#BoycottToSiri: Here’s Why #ActuallyAutistic Reviews


As I mentioned in yesterday’s post, I’ve got some links for you of excellent reviews by other autistic adults (pretty sure all of the ones I’ve got are by autistics, but there might be a couple of allistic responses in there as well) about the reasons why we need to boycott “To Siri With Love” by Judith Newman.

But first, I want to express just how disappointed I am – and why – at Ms. Newman’s recent claim that To Siri was not meant for an autistic audience. I know I mentioned this yesterday in my list of grievances about it, but I want to reiterate today as a separate thing.

Any books about autism, no matter who they are written by, have an effect on autistics – in a lot of cases, because they affect the way autistics are treated by the readers of the book and, in a number of cases, by society at large. We may not be the ones targetted as readers, but because of the effect those books have, our opinions, needs, and desires about them need to be taken into account.

No author of a book about autism – or anyone else discussing that book – has the right to say that it has nothing to do with autistics. No one. By definition, a book about autism involves us.

You want to read a book written by an allistic parent about their autistic child? May I recommend Iris Grace by Arabella Carter-Johnson? (Also see my post BBC Video Article: Cat Helps 6 Year Old Autistic.) The author doesn’t try to hide the challenges that can come from raising an autistic child, but neither does she shy away from the joys that can come from the same. And she is respectful of both her daughter and the autistic community, which is always good to see in a book about autism.

Now, on to the links. (Please note that they’re not in any particular order, save how they’re saved in my Evernote.)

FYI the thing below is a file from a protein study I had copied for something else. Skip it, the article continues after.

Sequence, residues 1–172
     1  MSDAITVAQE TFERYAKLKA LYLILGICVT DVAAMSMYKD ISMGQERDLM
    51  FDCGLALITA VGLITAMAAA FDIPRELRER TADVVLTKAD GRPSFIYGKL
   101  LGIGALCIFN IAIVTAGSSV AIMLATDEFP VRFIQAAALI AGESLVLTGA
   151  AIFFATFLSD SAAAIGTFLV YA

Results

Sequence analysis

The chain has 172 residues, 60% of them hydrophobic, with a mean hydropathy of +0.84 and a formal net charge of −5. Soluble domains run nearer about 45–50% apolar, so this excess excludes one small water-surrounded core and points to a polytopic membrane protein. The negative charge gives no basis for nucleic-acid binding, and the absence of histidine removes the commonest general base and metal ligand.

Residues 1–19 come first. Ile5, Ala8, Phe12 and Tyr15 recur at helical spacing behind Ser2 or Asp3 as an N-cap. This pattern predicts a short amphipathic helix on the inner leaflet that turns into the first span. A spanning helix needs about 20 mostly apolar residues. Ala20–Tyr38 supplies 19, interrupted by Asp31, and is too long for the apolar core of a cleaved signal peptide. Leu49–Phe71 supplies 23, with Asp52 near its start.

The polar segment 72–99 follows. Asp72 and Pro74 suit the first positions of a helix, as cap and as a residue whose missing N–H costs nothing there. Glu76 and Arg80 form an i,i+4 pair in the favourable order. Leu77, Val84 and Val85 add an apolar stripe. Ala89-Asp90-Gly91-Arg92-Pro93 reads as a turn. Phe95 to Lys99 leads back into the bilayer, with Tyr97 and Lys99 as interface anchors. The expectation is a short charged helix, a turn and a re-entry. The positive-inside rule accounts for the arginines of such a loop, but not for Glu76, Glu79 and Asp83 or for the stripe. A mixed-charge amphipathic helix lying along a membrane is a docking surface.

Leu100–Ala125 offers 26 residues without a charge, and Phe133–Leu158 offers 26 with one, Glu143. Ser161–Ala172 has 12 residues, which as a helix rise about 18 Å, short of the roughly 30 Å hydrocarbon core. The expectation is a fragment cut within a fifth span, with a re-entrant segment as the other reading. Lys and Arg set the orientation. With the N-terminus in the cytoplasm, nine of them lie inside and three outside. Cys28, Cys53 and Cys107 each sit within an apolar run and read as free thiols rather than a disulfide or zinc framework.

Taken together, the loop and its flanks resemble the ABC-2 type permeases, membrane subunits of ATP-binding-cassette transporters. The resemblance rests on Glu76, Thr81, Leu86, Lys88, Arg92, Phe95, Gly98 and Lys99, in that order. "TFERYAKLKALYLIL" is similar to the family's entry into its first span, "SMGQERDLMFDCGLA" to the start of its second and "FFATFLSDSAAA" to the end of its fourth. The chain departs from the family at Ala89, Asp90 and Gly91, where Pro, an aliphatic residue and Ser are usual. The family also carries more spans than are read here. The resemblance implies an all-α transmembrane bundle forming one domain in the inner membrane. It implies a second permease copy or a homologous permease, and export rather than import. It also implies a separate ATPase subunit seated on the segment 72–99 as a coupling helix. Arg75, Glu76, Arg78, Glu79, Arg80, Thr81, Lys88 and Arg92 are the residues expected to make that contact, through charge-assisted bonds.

Dear Judith Newman, I’m Writing This For You Because You Didn’t Write For Me by crippledscholar: This post (as you may guess) focuses on the issue I was mentioning above, about To Siri “not being written for autistics”. It also goes a bit into the problematic aspects of the book, and points out the “fauxpology” (fake apology) and the fact that one can’t just retract what one says in a book like this.

An Autistic Parent’s Reaction to To Siri: Impact > Intent by Cuil Press: This review (by an autistic parent who has autistic kids, like Kaelan Rhywiol, from yesterday’s post) focuses mostly on the results of the issue mentioned above. The focus is on, as the title implies, the impact of the book (which is fairly negative for autistics) being greater than the intent (whatever that was).

An Actually Autistic Review of “To Siri With Love” by Ryan Boran: Like the previous post, this is written by an autistic parent of autistic kids. This post also contains a number of links in it, as well as the text of various tweets and messages about the matter.

book analysis: To Siri With Love by Judith Newman by talesbytheunexpected: Like Kaelan Rhywiol’s review I recommended yesterday, this is a chapter by chapter analysis of issues with the book, except that it’s in one blog post as opposed to being on Storify via Twitter. Note that the commentary eases off with Chapter 13 not because there’s less wrong with it, but because the writer of this post was losing spoons.